The Advantages of Headless Browsers


Headless browsers are much faster than regular browsers, and they don’t have to load all the web elements and content that websites usually load. - Article by Kunal Chowdhury on





The internet is never standing still. It’s constantly evolving, changing, and expanding. The web used to be a chaotic network of outdated and barely functional websites. Nowadays, we have a highly advanced web with high-end websites built with user-friendly UI.

 

This beauty you see all over the internet is thanks to JavaScript. This programming language holds the entire web under control, allowing the internet to handle almost every interaction online.

 

The Advantages of Headless Browsers

 

Modern-day internet users have a variety of search engines and browsers at their disposal. Those browsers are so intuitive that they can easily understand and communicate with JavaScript. However, before developers can deploy a browser as a readily accessible product for users, they must put it through rigorous testing.

 

That is where headless browsers come into play. They are highly beneficial for web browser testing. Let’s see what headless testing is and how headless browsers can help with test automation.

 

 

Headless testing explained

Headless testing refers to the process of UI-based browser testing without displaying a graphical user interface (GUI). Testers run a script or a test against a browser but without using the browser UI. While headless browsers may not be particularly helpful in browsing the web, they are excellent tools for automating tasks and tests.

 

Headless testing allows software testers and developers to test a browser in a browser simulation environment that doesn’t have a user interface. That simulation environment runs like any regular browser with one difference – it doesn’t display any GUI.

 

For instance, if you want to run headless browser testing on Google Chrome or Chromium, you can use the Puppeteer framework that runs headless by default. Check out a Puppeteer tutorial to see how you can run tests using JavaScript commands.

 

Some of the most commonly used headless browsers are:

  • Headless Chrome
  • PhantomJS
  • SlimerJS
  • TrifleJS
  • HTMLUnit driver
  • Splash
  • SimpleBrowser
  • NodeJS
  • Zombie.js
  • Firefox

 

Headless browser testing is an essential part of software QA, and it helps automate tests and run them in any browser without the need for user interaction.

 

Since the digital business landscape moves towards a seamless software development lifecycle, developers need to give timely feedback to make the necessary changes. Automation testing by leveraging headless browsers speeds up the entire process.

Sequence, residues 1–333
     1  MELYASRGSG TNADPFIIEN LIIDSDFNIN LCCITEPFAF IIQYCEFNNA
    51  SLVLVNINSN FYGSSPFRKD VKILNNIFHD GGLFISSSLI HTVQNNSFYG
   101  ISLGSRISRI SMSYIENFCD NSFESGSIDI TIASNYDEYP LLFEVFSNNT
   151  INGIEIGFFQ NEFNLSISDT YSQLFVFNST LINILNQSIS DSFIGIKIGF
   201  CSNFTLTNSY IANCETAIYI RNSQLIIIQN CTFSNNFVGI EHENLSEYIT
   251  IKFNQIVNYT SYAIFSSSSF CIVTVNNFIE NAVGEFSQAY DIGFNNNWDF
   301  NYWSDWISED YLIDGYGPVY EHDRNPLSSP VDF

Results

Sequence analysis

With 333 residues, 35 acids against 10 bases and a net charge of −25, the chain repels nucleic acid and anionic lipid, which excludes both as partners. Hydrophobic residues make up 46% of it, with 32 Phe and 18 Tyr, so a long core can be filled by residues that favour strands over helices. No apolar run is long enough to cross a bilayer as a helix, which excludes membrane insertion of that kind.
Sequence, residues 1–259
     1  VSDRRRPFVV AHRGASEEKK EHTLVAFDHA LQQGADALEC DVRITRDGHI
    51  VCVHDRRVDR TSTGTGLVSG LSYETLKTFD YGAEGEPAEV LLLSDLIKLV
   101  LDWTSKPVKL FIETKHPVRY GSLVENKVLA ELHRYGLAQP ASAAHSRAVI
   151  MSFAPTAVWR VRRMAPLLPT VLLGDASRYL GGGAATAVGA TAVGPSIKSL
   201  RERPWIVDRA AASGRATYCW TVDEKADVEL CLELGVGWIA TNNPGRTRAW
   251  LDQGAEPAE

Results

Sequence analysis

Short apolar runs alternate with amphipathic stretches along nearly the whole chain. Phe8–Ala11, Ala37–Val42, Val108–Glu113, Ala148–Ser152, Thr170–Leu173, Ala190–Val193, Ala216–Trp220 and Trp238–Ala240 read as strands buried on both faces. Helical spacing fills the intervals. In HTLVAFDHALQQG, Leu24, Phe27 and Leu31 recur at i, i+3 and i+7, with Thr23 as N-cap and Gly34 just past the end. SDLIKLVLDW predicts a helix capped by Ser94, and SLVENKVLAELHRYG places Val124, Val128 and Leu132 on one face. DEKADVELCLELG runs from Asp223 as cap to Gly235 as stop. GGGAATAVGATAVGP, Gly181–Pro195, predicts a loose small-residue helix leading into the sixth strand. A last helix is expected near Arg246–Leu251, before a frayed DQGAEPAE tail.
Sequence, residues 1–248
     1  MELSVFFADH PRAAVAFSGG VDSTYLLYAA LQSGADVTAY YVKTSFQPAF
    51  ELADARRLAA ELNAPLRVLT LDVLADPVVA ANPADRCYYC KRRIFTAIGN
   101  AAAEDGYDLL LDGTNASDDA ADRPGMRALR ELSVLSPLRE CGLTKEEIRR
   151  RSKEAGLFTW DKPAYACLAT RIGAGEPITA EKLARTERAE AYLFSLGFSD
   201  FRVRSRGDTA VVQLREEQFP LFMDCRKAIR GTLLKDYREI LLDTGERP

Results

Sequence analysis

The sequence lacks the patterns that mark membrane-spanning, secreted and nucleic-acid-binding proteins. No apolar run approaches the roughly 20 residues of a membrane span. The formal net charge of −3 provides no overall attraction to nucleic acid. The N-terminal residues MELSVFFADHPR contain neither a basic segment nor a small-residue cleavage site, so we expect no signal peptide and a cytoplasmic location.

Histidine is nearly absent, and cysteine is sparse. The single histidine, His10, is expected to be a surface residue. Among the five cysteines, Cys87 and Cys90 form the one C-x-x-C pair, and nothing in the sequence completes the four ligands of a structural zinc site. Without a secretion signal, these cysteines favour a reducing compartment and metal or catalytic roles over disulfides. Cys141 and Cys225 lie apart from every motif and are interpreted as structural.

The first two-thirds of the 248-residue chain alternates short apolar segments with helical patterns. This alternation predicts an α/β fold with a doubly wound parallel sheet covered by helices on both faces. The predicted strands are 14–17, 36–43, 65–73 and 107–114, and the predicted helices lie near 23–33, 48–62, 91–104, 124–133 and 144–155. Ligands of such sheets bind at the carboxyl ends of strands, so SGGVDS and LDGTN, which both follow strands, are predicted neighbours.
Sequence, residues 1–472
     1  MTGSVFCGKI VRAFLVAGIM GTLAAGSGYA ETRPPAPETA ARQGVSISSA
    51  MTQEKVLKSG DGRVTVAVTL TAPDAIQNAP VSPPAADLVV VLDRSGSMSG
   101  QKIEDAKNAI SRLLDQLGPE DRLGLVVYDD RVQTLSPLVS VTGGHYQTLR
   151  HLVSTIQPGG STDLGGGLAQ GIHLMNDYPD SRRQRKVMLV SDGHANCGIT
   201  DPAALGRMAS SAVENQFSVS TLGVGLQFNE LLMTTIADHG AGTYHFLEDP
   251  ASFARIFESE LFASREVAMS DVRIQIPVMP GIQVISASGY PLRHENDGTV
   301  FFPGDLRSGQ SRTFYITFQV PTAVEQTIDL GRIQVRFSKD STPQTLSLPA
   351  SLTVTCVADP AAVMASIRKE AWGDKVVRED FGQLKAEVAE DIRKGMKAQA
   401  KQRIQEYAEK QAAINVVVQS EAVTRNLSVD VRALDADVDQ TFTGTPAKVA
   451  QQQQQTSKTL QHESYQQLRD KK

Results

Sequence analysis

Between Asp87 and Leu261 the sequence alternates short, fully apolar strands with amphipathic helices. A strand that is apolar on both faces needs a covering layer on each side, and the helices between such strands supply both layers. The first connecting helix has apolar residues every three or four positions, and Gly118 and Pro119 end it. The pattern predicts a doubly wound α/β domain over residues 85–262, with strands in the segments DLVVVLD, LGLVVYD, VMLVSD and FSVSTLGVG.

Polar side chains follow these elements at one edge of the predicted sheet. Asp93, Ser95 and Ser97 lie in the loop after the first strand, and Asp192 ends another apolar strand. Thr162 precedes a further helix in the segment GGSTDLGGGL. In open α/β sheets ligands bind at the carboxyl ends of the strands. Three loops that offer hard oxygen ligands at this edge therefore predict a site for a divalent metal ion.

Why it’s important

Headless testing matters simply because it’s automated, lightweight, and incredibly faster. It provides great speed, flexibility, scalability, and efficiency for automation testing.

 

It helps improve performance and speed as testers don’t have to run a browser to test it. Because of that, the system saves the processing power to execute tests faster and more reliably.

 

Headless testing also allows testing browser-less setups. Those setups are helpful when installing a browser isn’t an option, such as servers. In such situations, headless testing helps run automation tests.

 

Finally, headless testing helps developers and testers multitask, saving them time and effort. They can run tests in the background and use their devices and browsers to do something else.

 

 

Benefits of headless browsers

Let’s take a closer look at some of the advantages of headless browsers.

 

Automation testing

Headless browsers enable automation testing to check keyboard inputs, mouse clicks, submission forms, and more. They help automate a good portion of the software testing and delivery cycles, including installation, quality assurance, and development. Enabling automation testing that relies on JavaScript libraries makes headless browsers ideal for saving software development time, effort, and resources.

 

Layout testing

Like real browsers, headless browsers can render and interpret CSS and HTML elements. That’s why they can help with layout testing by performing various checks, such as determining the web page element coordinates and the default page width. They can also test AJAX and JavaScript execution and automate screen captures for layout testing.

 

Performance

Website performance testing is one of the most critical tests, and headless browsers help speed up the process. Since they load websites much faster, they allow testers to use the command line to test various performance tasks without loading GUI.

 

Web scraping and data extraction

Headless browsers are excellent web scraping and data extraction tools because they eliminate opening a website. Instead, you can quickly and automatically gather public data by scraping the HTML. Since you don’t need to render a full browser, you can scrape websites much faster.

 

 

Conclusion

Headless browsers are much faster than regular browsers, and they don’t have to load all the web elements and content that websites usually load for the best user experience. Due to their impressive speed, developers and testers commonly use them for various automation tasks, such as automation website testing.

 

They help automate a range of tasks on a website, such as its layout, page elements, and performance. Their speed also makes them perfect for web scraping and data harvesting.

 

Mozilla Firefox and Google Chrome are probably the most popular headless browsers. Although they have certain limitations, their advantages triumph over the disadvantages.

 








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